Wishing you a relaxing and stress-free day.
"Gratitude is the inward feeling of kindness received. Thankfulness is the natural impulse to express that feeling. Thanksgiving is the following of that impulse." - Henry Van Dyke
1-2-3 Come Do Some More "Needs & Wants" Craftivities With Me
One of my favorite clip artists, Melonheadz, came up with some adorable "big mouth" kiddos, which inspired me to use them to design two new "Needs & Wants" packets.
When it comes to “I need and want this, that & whatever…” children can have a pretty big voice expressing themselves; so these two craftivities are super-fun ways for students to practice "Needs & Wants" economics.
First up is the "flip-the-face" flap booklet.
There are 4 girl & 4 boy “face covers” to choose from. Patterns come in black & white for students, as well as full-color , so that you can quickly and easily make a sample to share.
Children choose a “face cover”, then color, trim and fold the “mouth” so that it flips up.
There are blank “mouth” pages so that students can illustrate their own “needs & wants”, as well as black and white “needs” graphics on a page, so that students can color and label them.
Children think of some “wants” then illustrate the blank pages.
There’s a definition page for “needs” as well as “wants”, which acts as an introduction and separation in the booklet.
Students also have the option of gluing their “wants” to the back of their booklet. A back page pattern is included.
Break up the lesson for little ones, by doing “needs” on one day; then completing the booklet on the following day, finishing the “wants” pages.
When everyone is done, read the booklet as a whole group for a nice review. Call on children to share one of their “wants” pages.
This activity also makes a super-fun homework assignment for older students.
Completed projects make an adorable bulletin board display.
Next up is the Big Mouth, "I Need! I Want!" Wheel.
There are 3 girl & 3 boy “wheel covers” to choose from.
I’ve provided blank templates for the “center” pie wheels, so that children can illustrate their own graphics.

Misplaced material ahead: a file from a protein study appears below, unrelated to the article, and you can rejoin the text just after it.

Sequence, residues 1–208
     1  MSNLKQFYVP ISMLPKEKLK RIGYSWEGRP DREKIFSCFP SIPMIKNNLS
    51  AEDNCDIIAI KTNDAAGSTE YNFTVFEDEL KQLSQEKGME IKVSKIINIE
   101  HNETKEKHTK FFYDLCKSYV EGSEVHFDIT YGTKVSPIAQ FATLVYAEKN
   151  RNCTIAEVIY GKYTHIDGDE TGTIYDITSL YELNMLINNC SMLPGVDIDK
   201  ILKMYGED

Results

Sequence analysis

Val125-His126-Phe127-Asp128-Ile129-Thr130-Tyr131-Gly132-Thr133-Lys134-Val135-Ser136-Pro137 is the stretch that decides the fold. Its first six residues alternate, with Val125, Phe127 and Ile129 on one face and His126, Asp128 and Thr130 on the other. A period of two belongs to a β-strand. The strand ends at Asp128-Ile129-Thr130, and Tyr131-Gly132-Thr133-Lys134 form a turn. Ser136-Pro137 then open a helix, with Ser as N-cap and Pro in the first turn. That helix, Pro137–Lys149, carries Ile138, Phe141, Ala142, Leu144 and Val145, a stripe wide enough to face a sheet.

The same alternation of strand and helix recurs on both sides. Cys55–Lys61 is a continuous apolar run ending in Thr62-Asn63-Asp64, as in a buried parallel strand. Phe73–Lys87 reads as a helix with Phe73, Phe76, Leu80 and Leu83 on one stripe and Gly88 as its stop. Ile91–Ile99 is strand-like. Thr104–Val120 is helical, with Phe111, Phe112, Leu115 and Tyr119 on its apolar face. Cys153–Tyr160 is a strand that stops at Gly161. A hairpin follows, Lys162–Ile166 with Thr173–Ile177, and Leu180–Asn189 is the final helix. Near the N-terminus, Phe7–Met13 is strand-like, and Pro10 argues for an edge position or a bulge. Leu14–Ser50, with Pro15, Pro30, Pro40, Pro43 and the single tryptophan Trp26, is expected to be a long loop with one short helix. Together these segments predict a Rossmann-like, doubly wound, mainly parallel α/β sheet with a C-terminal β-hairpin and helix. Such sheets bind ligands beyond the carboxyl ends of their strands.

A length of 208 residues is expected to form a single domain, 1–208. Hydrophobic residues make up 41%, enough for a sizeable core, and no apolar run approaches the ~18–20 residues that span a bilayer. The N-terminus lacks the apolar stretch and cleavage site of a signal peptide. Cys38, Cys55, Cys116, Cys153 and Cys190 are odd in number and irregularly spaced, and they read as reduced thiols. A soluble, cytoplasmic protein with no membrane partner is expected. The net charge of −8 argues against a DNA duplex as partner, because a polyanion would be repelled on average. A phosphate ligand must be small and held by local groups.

The first “pie slice” section, defines “needs”. The “wants” wheel has a definition section as well.
There’s also an option where the “needs” wheel, has black & white graphics for students to color and label.
So you can quickly and easily make a sample to share, I’ve also included full-color patterns.
Students color and trim, then fasten their “needs” wheel to their “kid cover” using a brass brad.
Keep things easy-peasy by having students take that wheel out, and then insert their “wants” wheel to finish explaining things.
Give older students the option of gluing their needs & wants wheels back-to-back, fastening with a front as well as back cover; so they just flip their wheel over to explain their wants.
There are are 3 boy & 3 girl back cover options, as well as 2 others.
This packet also has the culminating assessment activity.
Make the large turkey head shapes and use them for a cute November bulletin board, review or interesting way to assess.
Students can choose their favorite shape and turn it into the body of a turkey by adding the construction-paper parts.
A set of turkey shape word cards is also included. Use them as pocket or flashcards for review and assessment as well.
Make extra sets to play Memory Match or "I Have; Who Has?" games. You could also cut them apart and turn them into puzzles.
Well that's it for today. Thanks for stopping by.
The sun is finally shining after way too many damp, chilly and dreary November days; so it's time to take my poodle pup Chloe, for some much-needed fresh air.
Wishing you a happy-go-lucky day.
"Gratitude can transform common days into thanksgivings, turn routine jobs into joy, and change ordinary opportunities into blessings." - William Arthur Ward
1-2-3 Come Do Some "Needs & Wants" Activities With Me
Is teaching about “Needs & Wants” part of your curriculum?
This bit of economics is one of our standards, so I thought it would be fun to introduce the concept during December, when a list of “I want….” floats through the thoughts of many students.
With that in mind, I designed a writing prompt craftivity, as well as an emergent reader booklet.
First up is the craft. There are 3 different “gift boxes” where the lid flips up to reveal a list of needs & wants “inside” the present.
I chose Christmas colors, but you can make examples with a variety of colors, to use this packet during another season of the year. (Earth tones for fall, pastels for spring etc.)
For more thinking, have students rank their needs & wants in order of importance.
The order of needs, provides a nice discussion, as most children don’t know that you can live longer without food, than you can without water.
Besides ordering their wants, have students list 2 practical things that they want that they’re likely to get, plus 2 “way out there” ( the sky’s the limit ) wishful thinking wants, or you could tell students that “money is no object” so dream big, and make a list of things they’d like to have, if they could have anything!
For extra pizzazz, instead of having students write their name on the package, run the tag pattern off.
Children color, trim, write their name on it, fold the end over, and glue that tab to the top of their package, so that it flips out a bit.
For more 3D pizzazz and pop, have students press a self-stick real bow or some ribbons to the top of their package.
Completed projects make an awesome bulletin board.
There’s a Christmas-themed set, as well as a generic one.
Do this as a whole group activity with preschoolers, by making just one together.
You print & assemble the box, hanging it on your white board, then call on students to give you their ideas of what to write on the lists.
Next up is the "Needs & Wants" emergent reader, plus some poster activities.